It was Abraham Lincoln who once said, “You have to do your own growing, no matter how tall your grandfather was.” Today we honor and celebrate our youth coming of age, which can also mean parents coming of age. Parents struggling and letting go of the “helicopter” instinct to hover—parents renegotiating, once again, their relationship with their children…..

And it’s hard. Listen to this poem by Sharon Olds, called “The Summer-Camp Bus Pulls Away from the Curb.” Listen between the lines to the pride but also grief of the speaker, who is a mom, or a dad:

Whatever he needs, he has or doesn’t
have by now.
Whatever the world is going to do to him
it has started to do. With a pencil and two
Hardy Boys and a peanut butter sandwich and
grapes he is on his way, there is nothing
more we can do for him. Whatever is
stored in his heart, he can use, now.
Whatever he has laid up in his mind
he can call on. What he does not have
he can lack. The bus gets smaller and smaller, as one
folds a flag at the end of a ceremony,
onto itself, and onto itself, until
only a heavy wedge remains.
Whatever his exuberant soul
can do for him, it is doing right now.
Whatever his arrogance can do
it is doing to him. Everything
that’s been done to him, he will now do.
Everything that’s been placed in him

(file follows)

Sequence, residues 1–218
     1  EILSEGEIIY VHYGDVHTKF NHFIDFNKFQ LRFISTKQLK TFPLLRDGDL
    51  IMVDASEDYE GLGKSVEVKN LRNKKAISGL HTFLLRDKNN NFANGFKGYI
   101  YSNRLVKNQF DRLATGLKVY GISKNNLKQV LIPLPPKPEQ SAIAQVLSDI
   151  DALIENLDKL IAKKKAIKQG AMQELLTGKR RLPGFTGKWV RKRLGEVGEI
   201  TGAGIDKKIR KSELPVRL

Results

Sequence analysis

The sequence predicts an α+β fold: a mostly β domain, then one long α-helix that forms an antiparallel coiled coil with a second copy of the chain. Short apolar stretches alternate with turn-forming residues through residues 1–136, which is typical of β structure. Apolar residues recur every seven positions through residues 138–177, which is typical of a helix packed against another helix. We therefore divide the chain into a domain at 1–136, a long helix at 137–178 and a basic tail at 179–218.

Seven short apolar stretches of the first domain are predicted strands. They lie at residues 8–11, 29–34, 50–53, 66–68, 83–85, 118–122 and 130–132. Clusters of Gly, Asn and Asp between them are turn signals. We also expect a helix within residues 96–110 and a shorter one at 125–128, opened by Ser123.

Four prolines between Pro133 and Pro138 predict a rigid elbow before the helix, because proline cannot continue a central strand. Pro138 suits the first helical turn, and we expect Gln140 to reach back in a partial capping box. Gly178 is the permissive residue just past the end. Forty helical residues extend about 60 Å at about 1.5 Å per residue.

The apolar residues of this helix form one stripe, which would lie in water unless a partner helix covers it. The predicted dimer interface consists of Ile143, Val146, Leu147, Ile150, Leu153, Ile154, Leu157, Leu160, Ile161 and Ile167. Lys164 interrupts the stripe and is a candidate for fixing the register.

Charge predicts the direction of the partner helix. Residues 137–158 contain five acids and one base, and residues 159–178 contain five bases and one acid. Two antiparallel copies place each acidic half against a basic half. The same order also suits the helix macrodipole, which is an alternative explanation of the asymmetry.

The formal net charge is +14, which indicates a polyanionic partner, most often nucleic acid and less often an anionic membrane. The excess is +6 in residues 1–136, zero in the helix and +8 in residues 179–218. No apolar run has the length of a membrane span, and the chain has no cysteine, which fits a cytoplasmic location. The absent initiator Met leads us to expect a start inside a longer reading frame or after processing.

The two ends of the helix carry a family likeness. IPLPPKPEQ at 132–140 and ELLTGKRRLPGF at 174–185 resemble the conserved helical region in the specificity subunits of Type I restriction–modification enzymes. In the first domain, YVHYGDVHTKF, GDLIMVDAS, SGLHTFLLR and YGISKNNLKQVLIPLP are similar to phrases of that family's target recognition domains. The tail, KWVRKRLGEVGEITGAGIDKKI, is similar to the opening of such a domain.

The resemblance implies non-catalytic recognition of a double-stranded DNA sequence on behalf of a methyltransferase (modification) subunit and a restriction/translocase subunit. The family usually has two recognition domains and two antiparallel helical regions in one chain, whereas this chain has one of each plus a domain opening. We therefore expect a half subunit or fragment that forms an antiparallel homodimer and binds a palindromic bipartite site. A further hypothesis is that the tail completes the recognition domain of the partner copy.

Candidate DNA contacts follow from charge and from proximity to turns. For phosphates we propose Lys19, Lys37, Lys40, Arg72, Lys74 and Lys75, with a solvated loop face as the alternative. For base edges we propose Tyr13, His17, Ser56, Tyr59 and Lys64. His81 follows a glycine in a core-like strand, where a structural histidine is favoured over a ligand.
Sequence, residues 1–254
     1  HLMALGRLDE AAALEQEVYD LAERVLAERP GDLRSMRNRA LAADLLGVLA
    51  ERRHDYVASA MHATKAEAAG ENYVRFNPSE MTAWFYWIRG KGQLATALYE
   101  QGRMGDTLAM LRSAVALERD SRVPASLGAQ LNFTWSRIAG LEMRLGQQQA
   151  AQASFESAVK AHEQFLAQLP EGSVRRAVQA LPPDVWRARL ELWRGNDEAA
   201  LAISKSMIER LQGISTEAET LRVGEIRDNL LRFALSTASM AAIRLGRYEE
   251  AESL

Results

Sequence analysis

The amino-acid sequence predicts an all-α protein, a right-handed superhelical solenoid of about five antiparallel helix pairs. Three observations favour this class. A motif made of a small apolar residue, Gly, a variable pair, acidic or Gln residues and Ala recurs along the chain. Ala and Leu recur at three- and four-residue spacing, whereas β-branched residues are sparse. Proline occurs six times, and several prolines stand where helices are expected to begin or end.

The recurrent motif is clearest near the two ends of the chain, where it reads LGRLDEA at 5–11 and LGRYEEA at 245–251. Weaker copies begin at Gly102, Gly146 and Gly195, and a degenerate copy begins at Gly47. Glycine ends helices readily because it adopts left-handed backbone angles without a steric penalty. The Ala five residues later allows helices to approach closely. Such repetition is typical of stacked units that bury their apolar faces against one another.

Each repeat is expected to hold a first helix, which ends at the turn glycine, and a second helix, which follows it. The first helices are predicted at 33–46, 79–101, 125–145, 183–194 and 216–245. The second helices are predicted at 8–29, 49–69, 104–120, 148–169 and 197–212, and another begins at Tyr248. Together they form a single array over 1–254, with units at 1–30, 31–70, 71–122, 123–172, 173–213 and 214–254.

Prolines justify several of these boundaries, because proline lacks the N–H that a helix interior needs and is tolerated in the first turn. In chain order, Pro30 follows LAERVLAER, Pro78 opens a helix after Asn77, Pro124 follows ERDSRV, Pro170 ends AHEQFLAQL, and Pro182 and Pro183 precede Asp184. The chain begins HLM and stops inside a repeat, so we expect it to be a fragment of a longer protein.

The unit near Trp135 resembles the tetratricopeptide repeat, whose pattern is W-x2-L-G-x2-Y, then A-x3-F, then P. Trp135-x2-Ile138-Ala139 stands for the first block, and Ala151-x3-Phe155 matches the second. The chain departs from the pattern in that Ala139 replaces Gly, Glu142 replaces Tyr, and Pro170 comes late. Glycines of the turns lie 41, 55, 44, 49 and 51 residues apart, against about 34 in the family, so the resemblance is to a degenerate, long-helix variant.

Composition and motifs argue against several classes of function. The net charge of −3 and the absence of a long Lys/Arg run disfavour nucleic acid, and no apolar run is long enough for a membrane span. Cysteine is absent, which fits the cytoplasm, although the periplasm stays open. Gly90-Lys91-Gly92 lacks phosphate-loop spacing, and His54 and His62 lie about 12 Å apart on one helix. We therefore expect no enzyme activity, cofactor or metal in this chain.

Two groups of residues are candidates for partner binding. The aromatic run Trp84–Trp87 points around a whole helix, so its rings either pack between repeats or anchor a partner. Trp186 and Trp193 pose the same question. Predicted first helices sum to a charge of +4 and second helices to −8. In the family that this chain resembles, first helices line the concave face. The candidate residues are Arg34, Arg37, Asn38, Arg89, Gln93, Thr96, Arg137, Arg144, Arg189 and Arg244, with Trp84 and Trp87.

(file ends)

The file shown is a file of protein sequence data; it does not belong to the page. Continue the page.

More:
will come out, now, the contents of a trunk
unpacked and lined up on a bunk in the underpine light.

That’s the poem. “Whatever is / stored in his heart, he can use, now. / Whatever he has laid up in his mind / he can call on. What he does not have / he can lack. The bus gets smaller and smaller…”

But is it true that “there is nothing more that we can do for him?” Children grow away from parents and into deeper relationship with peers and mentors, teachers and confidants. This is as it should be. But that’s not all there is to their growing. In adolescence, people flicker between maturity and immaturity in the blink of an eye, and so, what is always possible for parents to do is setting reasonable and healthy boundaries, providing a container with which to continue shaping and reinforcing growth into maturity. This as well: in the midst of all the ups and downs, highs and lows of adolescence, parents can be generous with their encouragement and acceptance, no matter what. Be a true home to their children’s hearts and souls.

One day, the bus leaves. It gets smaller and smaller. But, there is a connection between child and parent that can never be severed, no matter what the relationship might have been like. Even if you move across the country, never speak, change your name. Some of us discover this only after our parents are gone, even when we ourselves have been parents for many years. We learn, with Alden Nowlan, what it means to grow up. He says, “The day the child realizes that all adults are imperfect, he becomes an adolescent; the day he forgives them, he becomes an adult; the day he forgives himself, he becomes wise.”

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